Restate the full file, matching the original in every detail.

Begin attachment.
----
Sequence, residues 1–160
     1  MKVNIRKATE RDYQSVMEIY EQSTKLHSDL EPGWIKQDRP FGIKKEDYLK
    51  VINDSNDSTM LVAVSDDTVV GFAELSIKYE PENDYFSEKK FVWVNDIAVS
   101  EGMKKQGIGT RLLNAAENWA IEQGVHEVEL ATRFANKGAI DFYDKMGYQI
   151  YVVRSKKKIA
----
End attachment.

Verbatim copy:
Sequence, residues 1–160
     1  MKVNIRKATE RDYQSVMEIY EQSTKLHSDL EPGWIKQDRP FGIKKEDYLK
    51  VINDSNDSTM LVAVSDDTVV GFAELSIKYE PENDYFSEKK FVWVNDIAVS
   101  EGMKKQGIGT RLLNAAENWA IEQGVHEVEL ATRFANKGAI DFYDKMGYQI
   151  YVVRSKKKIA